New Evidence for Dragon Flight

Since the first dragon skeleton was discovered in 1908 by Ernest Hathelwhite, in the Khumara Basin in what is now northern Sudan, experts have been split over the flight capabilities of such beasts.

When the skeleton (Dragonus Primus) was shipped back to England, experts at London’s Natural History Museum rebuilt it, discovering many predicted traits – the distinctive rippled spine and chest construction serving combustion – but no evidence for wings except vestigial nubs over its forelegs.

Dragonus Nova

Up until April 2018, several other examples have been unearthed, notably the famous Dragonus Duoignis (two fires), discovered during excavations in the grounds of Crimliegh Castle, Cumbria in 1982. None so far have provided evidence of wings.

So, the announcement yesterday by a joint team from Cambridge, England, and Paris-Sud universities, that they have found a perfectly preserved specimen in a peat bog in Combourg, Northern France, has peaked interest in the scientific community, international media and of course Game of Thrones fans. The most notable revelation is the existence of its perfectly preserved wings. These are composed entirely of musculature, explaining the missing skeletal evidence at previous sites. This as-yet-unnamed creature is quoted by lead archaeologist Bernard Vitton as being approximately twelve metres in length, with an estimated wing span of thirty metres.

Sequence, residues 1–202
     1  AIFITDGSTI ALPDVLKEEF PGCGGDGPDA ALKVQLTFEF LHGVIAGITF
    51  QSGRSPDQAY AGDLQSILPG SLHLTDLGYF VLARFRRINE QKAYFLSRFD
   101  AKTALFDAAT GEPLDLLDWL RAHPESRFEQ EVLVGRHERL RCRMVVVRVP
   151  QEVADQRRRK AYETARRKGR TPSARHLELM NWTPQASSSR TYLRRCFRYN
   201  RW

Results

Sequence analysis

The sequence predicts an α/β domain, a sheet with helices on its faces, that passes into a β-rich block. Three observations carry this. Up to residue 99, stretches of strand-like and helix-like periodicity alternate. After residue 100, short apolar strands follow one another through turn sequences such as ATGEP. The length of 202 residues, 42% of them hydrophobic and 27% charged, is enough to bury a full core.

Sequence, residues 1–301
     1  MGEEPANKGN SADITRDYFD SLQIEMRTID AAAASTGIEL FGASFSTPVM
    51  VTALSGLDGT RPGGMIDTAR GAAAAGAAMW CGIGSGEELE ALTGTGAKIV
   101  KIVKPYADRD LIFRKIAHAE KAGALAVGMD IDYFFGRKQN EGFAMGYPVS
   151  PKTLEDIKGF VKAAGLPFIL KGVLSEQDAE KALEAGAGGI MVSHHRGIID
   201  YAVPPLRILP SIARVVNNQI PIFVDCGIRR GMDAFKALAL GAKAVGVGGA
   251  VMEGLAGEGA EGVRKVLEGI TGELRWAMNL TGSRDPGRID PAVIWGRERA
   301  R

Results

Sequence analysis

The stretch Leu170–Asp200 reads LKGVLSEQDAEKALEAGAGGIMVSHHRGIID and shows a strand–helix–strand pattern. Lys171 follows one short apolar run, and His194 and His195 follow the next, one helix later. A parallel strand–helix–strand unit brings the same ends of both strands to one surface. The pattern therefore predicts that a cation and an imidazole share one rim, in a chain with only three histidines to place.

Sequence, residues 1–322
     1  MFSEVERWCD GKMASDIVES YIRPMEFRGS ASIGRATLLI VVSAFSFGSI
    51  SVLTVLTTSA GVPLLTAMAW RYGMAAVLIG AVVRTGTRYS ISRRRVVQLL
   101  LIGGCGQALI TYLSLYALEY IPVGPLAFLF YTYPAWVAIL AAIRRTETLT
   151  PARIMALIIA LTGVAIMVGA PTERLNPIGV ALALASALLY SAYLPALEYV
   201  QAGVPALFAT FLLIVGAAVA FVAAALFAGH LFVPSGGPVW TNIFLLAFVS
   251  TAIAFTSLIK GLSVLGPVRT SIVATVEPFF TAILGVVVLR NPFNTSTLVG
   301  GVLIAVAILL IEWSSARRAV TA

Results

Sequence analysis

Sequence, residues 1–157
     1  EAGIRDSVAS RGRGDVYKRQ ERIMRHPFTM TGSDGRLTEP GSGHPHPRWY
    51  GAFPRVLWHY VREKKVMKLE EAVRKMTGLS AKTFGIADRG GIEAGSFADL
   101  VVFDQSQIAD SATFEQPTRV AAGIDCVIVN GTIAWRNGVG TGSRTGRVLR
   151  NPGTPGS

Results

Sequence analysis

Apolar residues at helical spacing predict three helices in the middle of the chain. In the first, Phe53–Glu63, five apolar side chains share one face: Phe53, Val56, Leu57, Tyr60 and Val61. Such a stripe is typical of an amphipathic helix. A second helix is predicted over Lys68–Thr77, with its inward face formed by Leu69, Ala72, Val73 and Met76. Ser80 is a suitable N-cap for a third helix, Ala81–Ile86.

As this specimen is not thought to have been ceremoniously buried or to have died on its ‘nest’, local authorities are keen to point out that treasure is unlikely to be found at the site.

More Drama, Less Action

FightI am currently getting feedback from my brilliant Beta readers on Bindcrafter, and the question as to whether certain sections are too slow has cropped up. But what do we mean by too slow?

Assuming you haven’t added extraneous characters or plotlines which are frustrating to readers, most likely they mean it’s dragging. They don’t often mean slow in the normal sense, let’s get it out there – they mean boring.

So how do you make things less boring? Explosions, fights, murder, deaths?

Not necessarily.

Adding action won’t make your story seem any more interesting to readers, if they’re not invested in it.

So, what’s missing?

DRAMA.

DEF: an exciting, emotional, or unexpected event or circumstance

Exciting can be anything from getting a new puppy to opening exam results. Emotions manifest in interaction between characters and good point of view. Unexpected events can be anything from getting a fly in your soup to finding out your house is about to be demolished by your local council.

You can add a fight scene for drama, as long as it’s exciting – but you need to leverage drama to make it exciting. Getting punched in the face isn’t in itself very interesting. Imagine if you went to see some Shakespeare and the actors spent half the play hitting each other? And we’re all hoping for longer fights in the next Transformers movie, aren’t we? The point is, action in itself isn’t interesting if it’s not dramatic.

Cheap cliché alert: Make that punch an emotional one 😉

The best drama comes through interactions between characters, and change in your protagonist’s feelings. Takeaway: Look for the emotional impact your characters are having on your readers, before adding another explosion.